Scientists Have Identified the Cleanest Air in the World

One of the most often-cited reasons for going outside is “to get a breath of fresh air.” For most of us, that might mean heading to our favorite trail to escape the cacophony of the urban sprawl. Once we’ve left the traffic and noise behind, we often find the air to be cleaner and more refreshing. But if you’ve ever wondered how far you would have to go to find the cleanest air on the planet, you’re in luck. A team fo researchers from Colorado State University have identified the location of the freshest air on the planet, and unsurprisingly most of us will have to travel quite a long distance to get to it.

According to their research, which was recently published in an academic journal, the scientists have determined that the cleanest air on Earth is found in the Southern Ocean, surrounding the continent of Antarctica. Obviously this makes a lot of sense, as there are only a handful of permanent human settlements to be found in that vast region, with very few vehicles, no industrial production, and only the passing of ships through the area to mark the presence of man at all. For a large part of the year, the weather is so bad in fact that no one travels there at all, with only a skeleton crew manning most of the research stations throughout the area.

Researchers studied the cloud cover that was found throughout the Southern Ocean and discovered that they were almost entirely free of any outside contaminants. Those clouds didn’t contain any residue of fossil fuels for instance, nor did they reveal traces of fertilizers or human waste. All of those items are found in the clouds that pass by overhead in other parts of the world, but in the Antarctic—and the vast ocean that surrounds it—they are nonexistent.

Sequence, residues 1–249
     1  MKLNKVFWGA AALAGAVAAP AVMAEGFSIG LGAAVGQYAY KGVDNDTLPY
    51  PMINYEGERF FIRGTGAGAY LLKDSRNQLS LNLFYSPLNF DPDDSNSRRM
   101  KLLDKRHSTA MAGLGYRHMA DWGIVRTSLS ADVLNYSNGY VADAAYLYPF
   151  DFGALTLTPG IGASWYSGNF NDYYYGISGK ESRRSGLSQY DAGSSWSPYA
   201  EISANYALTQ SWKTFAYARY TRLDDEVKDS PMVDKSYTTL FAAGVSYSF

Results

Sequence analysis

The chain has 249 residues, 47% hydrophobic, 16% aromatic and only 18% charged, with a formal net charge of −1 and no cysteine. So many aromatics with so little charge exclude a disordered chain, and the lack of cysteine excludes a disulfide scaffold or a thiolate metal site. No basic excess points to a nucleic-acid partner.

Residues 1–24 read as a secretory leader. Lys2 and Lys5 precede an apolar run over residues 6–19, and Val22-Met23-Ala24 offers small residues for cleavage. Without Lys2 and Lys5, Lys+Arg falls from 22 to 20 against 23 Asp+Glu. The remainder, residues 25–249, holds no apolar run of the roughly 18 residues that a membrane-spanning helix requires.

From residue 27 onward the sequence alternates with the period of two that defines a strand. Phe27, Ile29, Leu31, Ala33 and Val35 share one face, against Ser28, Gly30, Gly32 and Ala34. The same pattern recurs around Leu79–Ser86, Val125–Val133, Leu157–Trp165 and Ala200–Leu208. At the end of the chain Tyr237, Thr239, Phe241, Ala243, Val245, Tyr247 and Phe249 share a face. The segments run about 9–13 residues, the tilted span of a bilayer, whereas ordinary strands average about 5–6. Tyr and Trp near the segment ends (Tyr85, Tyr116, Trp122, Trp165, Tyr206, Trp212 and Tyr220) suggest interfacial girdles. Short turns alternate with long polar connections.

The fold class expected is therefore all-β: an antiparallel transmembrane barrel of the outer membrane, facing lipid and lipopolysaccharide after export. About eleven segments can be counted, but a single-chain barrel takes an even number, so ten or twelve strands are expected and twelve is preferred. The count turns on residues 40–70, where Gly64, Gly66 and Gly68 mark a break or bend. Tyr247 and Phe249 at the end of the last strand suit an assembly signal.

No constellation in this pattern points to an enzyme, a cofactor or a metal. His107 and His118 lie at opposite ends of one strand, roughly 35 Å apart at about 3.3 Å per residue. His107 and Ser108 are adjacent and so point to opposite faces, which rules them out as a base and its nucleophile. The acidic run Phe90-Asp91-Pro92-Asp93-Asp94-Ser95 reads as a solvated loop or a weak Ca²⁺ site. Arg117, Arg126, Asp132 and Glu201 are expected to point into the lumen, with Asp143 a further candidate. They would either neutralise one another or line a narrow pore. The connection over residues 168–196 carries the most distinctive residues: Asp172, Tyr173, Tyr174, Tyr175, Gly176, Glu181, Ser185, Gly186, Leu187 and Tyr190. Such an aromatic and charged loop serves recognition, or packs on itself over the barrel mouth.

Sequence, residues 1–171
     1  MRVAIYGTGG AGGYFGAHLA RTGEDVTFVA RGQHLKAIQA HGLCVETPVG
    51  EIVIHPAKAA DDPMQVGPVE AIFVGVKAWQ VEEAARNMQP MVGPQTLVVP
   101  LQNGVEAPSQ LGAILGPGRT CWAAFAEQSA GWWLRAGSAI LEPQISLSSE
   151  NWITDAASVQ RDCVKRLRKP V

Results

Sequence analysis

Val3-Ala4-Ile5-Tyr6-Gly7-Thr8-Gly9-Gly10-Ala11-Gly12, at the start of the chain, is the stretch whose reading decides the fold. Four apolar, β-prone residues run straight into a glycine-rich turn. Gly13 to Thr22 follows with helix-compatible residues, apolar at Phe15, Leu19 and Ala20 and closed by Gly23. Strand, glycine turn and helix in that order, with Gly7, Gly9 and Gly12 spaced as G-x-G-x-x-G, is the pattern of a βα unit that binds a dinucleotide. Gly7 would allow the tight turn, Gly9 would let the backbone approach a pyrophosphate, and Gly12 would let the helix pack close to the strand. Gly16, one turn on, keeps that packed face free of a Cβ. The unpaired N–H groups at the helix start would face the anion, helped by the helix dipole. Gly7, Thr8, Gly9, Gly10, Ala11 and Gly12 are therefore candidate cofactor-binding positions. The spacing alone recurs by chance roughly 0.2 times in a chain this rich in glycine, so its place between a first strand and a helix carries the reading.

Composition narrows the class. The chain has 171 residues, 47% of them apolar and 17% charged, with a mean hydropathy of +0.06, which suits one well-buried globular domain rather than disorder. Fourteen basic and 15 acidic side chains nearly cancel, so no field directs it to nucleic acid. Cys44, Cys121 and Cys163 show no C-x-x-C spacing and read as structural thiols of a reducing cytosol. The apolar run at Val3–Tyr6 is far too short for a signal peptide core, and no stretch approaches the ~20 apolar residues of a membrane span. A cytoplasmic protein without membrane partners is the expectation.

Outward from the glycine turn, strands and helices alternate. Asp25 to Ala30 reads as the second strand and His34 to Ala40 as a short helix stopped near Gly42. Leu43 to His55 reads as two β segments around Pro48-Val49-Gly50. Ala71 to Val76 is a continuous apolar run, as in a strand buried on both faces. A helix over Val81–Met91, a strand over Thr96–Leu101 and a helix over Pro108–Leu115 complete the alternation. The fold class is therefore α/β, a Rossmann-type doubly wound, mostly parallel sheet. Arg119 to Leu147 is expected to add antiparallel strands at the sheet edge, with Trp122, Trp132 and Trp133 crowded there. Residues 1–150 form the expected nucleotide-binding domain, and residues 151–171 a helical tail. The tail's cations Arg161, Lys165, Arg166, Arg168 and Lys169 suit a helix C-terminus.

Thomas Hill, one of the researchers who co-authored the research paper, said, “The aerosols controlling the properties of Southern Ocean clouds are strongly linked to ocean biological processes, and that Antarctica appears to be isolated from southward dispersal of microorganisms and nutrient deposition from southern continents.” He went on to add, “Overall, it suggests that the SO is one of very few places on Earth that has been minimally affected by anthropogenic activities.”

It is good to know that there are some parts of the planet that are still mostly untouched by humans. If the pandemic has shown us anything, as we scale back our driving and industrial production, the Earth beings to clean itself very quickly. In fact, it has been eyeopening to see just how clean the air has gotten in certain parts of the world. It is also a sharp reminder that with what we’re doing to the planet, we’re not destroying it, we’re only destroying ourselves. In the grand scheme of things, our planet will recover—and very quickly it seems. As a species, we might not be able to say the same thing.

Kraig Becker